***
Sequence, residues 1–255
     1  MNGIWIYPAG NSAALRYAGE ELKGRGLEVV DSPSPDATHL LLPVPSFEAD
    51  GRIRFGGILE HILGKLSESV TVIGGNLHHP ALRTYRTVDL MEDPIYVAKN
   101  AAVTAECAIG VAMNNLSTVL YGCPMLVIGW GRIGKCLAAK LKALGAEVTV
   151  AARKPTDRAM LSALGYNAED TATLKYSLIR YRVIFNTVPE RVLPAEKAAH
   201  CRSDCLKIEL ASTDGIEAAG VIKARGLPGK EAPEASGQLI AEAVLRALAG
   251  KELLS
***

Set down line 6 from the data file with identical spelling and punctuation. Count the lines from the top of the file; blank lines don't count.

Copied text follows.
   201  CRSDCLKIEL ASTDGIEAAG VIKARGLPGK EAPEASGQLI AEAVLRALAG